Inside The Wild World Of Super-Maxi Yacht Racing

The world’s fastest and most advanced sailing seafarers head to the Caribbean to compete in the yachting world equivalent of F1.

(Lorens Morel)

I hit the tarmac in Sint Maarten in the Netherlands Antilles revved up to partake in the yachting world equivalent of Formula One for the weekend. Hopping onto a screaming machine taming the forces of nature to barrel along billionaire style. For it was the St. Maarten Heineken Regatta and I was going racing aboard a super-maxi yacht.

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Held annually this is one of the highlights of the yacht racing world’s calendar, drawing the best boats and crews from all over the world to pit their machinery and knowhow against each other during a long weekend of hard racing, hard partying and camaraderie—all on one of the most welcoming islands in the Caribbean.

The super-maxis are the ultimate racers of the yacht world and are governed by a set of rules which describe them as monohulls of more than 100 feet in length, with a keel and no limit on the number or type of “appendages.” Pure bucket-list stuff, where if you have to ask what it costs you clearly have no idea what you are getting into. At the end of ancient maps, uncharted waters were simply marked with mystical creatures and the notation, “here be dragons.” Well that is where I was headed. And fast.

Installed at the newly-opened Morgan Resort & Spa in this Dutch West Indies idyll, I inhaled deeply of the view; and pondered what a view it was, out over turquoise waters and clear blue skies gusting 25-plus knots of wind. For things were about to go super-maxi off the beaches of Sint Maarten, in the form of a ride aboard one of the most legendary racing yachts on the water today—Leopard 3.

At a touch over 100 feet, this carbon fiber/Nomex-hulled missile can shoot through the water at over 40 knots when at full tilt downwind. Fully rigged with over 15,000 square feet of thermo-formed carbon composite sails on her 154-foot carbon fiber mast and rigging, she is an extreme machine that has won everything from the Rolex Maxi Cup to Les Voiles de Saint-Tropez, set trans-Atlantic speed records, and carried her racing crew of 20-plus souls to victory across the globe.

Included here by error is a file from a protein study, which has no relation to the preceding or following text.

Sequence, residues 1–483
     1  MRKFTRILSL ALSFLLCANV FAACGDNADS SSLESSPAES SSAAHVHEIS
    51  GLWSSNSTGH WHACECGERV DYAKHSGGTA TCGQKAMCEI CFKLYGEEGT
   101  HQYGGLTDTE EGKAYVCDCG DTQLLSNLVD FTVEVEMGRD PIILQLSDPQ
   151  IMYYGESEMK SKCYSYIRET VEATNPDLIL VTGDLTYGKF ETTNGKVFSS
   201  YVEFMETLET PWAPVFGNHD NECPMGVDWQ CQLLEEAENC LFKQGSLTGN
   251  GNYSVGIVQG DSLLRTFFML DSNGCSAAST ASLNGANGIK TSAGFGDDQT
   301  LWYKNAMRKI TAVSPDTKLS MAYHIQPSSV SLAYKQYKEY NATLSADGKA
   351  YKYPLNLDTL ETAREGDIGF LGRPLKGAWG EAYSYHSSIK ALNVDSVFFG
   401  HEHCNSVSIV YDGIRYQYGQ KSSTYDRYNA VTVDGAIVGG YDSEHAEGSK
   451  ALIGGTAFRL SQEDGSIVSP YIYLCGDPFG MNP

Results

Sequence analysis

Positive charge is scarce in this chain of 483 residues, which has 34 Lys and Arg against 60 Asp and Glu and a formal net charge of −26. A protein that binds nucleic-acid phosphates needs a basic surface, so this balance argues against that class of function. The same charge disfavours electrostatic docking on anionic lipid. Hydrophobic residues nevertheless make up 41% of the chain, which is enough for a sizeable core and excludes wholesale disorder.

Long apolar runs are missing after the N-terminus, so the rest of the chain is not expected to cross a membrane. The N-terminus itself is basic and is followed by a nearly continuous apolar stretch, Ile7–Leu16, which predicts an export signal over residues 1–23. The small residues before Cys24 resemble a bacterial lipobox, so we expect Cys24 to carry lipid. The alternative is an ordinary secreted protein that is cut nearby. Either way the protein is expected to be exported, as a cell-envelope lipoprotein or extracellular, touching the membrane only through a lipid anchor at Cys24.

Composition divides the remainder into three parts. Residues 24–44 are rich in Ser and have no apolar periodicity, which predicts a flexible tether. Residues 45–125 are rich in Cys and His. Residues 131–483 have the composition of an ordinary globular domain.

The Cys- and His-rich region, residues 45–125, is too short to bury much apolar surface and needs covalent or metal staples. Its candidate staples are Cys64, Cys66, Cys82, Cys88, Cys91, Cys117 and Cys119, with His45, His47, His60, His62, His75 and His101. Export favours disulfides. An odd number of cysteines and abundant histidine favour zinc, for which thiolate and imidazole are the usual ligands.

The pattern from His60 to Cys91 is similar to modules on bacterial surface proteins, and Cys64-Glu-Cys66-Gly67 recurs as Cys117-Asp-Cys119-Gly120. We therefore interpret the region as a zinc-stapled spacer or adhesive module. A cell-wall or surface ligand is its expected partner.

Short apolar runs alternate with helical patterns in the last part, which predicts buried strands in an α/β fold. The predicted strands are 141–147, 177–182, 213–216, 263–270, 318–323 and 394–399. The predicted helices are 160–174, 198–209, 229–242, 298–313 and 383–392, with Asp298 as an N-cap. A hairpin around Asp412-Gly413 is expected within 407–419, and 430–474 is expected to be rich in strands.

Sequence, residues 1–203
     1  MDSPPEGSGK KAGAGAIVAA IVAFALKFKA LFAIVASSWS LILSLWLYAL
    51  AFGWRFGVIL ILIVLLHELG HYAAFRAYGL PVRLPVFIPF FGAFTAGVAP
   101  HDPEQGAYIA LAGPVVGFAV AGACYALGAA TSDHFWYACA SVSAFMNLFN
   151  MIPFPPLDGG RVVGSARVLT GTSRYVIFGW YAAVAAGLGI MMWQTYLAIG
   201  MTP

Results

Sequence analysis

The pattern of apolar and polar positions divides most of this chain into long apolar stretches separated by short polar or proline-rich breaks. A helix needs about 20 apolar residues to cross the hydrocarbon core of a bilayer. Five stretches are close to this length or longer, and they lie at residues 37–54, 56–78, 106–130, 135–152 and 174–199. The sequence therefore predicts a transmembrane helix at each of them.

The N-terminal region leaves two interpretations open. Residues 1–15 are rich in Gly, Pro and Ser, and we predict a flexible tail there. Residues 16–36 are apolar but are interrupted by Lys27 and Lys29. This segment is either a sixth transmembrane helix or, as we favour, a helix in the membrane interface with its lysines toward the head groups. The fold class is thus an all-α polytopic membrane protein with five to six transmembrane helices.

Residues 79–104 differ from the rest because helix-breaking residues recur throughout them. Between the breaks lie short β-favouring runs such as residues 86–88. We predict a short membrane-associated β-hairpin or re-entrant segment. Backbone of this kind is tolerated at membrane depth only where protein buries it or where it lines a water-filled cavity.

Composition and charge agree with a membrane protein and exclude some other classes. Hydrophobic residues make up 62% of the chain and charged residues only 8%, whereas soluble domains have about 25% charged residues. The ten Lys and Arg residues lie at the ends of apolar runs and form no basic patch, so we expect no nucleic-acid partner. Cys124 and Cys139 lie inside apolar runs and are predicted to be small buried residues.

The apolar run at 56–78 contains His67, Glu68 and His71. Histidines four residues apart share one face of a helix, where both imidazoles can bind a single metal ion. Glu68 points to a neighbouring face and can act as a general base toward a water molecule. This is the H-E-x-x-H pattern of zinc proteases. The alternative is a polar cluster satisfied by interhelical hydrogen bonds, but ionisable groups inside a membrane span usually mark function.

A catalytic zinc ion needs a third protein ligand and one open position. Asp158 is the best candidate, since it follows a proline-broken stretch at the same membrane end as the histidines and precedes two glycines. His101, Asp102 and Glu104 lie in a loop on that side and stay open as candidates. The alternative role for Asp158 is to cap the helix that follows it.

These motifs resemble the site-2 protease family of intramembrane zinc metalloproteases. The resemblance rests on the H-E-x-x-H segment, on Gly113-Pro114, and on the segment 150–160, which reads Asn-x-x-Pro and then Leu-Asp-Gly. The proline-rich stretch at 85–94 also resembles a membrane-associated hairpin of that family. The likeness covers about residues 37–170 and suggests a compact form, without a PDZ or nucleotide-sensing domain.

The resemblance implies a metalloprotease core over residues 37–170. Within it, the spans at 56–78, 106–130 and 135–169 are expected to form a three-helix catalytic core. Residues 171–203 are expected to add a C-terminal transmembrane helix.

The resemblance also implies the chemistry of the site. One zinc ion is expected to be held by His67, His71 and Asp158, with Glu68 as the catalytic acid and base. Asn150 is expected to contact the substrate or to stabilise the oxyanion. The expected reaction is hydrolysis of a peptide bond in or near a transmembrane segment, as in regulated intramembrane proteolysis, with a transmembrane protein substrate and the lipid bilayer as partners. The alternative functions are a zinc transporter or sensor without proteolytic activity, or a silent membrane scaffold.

Designed by the legendary Farr Yacht Designs based out of Annapolis in Maryland, she is wide—22 feet at the widest point of her beam—and perfectly suited for fast offshore racing with more than a few tricks up her sleeve. Her “appendages” include a keel that cants up to 40 degrees, stabilizing her as if 200 extra crew members were sitting on the rail, and twin asymmetric lifting dagger-boards located either side of the mast to perfectly balance the sail forces when racing at full tilt.

(Lorens Morel)

The days of ex-NFL linebackers with 22-inch biceps grinding the winches of racing yachts are mostly behind the likes of Leopard 3, which features hydraulic winches, but the combination of almost military discipline and ballet-like choreography among its professional racing team are a delight to behold. The Captain and tactician calling the moves with precision timing, and an otherworldly sense of the wind down to the second, divining increases and decreases in invisible forces as if Merlin himself were aboard as the team trims sail to maximize speed at all moments.

The real key to the deployment of this technological wizardry is the team which employs it. As with Formula One, two things are necessary in spades—enormous amounts of money, and enormous amounts of skill and experience on the team. One begets the other, but it also pays for the eye-watering expenses of maintaining the boat and crew in peak condition with every carbon sail, titanium nut and bolt, and carbon fiber piece in optimal race-ready condition. Like life, things wear out, break, and go amiss.

I’ve been on boats that have snapped masts, lost sails, hell, almost sank. And for mere mortals if this happens you go bankrupt. But in the world of billionaire yacht-racing, you just Fedex a new carbon fiber mast half way around the world overnight, and have it fitted to keep you racing the next day. I saw Larry Ellison do this at Antigua Race Week one year when his yacht Sayonara snapped its mast—and it says everything you need to know about sailing super-Maxi style.

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